The performance of the Romeo and Juliet inspired tragic love story “West Side Story” last Friday on the Roosevelt High School stage marked an important first step in a new direction for theatre at the school, one where students and faculty have joined forces to bring the Performing Arts back to the eastside campus.
Four months in the making, the production was the return of full musical theatre to the school for the first time in nearly 30 years, according to post-show press release.
The production was made possible through a unique partnership between SHOUT (Striving to Heighten Outcome by Uniting Teens), an after-school program offered at Roosevelt since 2009 run by the Salesian Boys and Girls Club of LA and Jaxx Theatre.
While most of the performers in high school plays are students, Roosevelt’s cast included Dr. Christopher Berru and Elizabeth Bjornen, both social studies teachers, and Principal Bruce Bivens along with 24 students.
This is Bivens first year as principal of Roosevelt and according to the school he has made the return of the performing arts one of his “tasks” for improving student achievement and graduation rates.
Over 300 Roosevelt fans, including students, teachers and local residents attended the production, according to Bivens.
“On Friday night, we marked a new era at Roosevelt,” Bivens said in a written statement in which he also extolled the performances by the school’s “neophyte thespians that performed with confidence and perfection in song, dance, and stage acting.”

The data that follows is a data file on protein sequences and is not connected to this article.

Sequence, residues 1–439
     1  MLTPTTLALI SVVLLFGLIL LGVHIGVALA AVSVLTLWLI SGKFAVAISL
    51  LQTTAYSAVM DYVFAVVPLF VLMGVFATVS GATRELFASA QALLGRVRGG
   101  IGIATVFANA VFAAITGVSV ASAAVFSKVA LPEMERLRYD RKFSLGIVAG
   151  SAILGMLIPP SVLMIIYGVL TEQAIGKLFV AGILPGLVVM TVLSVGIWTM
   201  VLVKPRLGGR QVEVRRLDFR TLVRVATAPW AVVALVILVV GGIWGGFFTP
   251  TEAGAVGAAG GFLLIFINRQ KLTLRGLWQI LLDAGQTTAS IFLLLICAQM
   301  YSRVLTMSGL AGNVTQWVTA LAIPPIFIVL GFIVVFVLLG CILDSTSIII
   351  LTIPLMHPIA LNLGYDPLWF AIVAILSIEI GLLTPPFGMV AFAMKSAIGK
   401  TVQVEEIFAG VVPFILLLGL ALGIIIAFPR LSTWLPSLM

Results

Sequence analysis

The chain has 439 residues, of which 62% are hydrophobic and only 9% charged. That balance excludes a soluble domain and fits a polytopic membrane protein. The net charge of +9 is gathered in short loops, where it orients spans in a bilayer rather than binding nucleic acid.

“Friday night’s rendition of West Side Story was an excellent reinvigoration of the Arts for a campus loaded with talented and enthusiastic students,” said Br. Tom Mass, executive director of Salesian Boys and Girls Club. “The administration and staff have thrown themselves wholeheartedly into caring for the kids at Roosevelt and we at SHOUT are proud to be a part of this Renaissance,” he added.
According to Tam Nguyen, program administrator with Salesian Boys and Girls Club, the idea to put on the play evolved out of the partnership between the school and the after-school program, and took four months of diligent work by the production team. The program “provides an opportunity for students to explore their creative side and motivates them to take their passion into reality” with the support of professionals and staff, Nguyen told EGP via email.
“These activities are offered free to students from Roosevelt and the local community through the 21st Century Community Learning Center grant,” Nguyen added.
Another play will be coming soon, Nguyen said.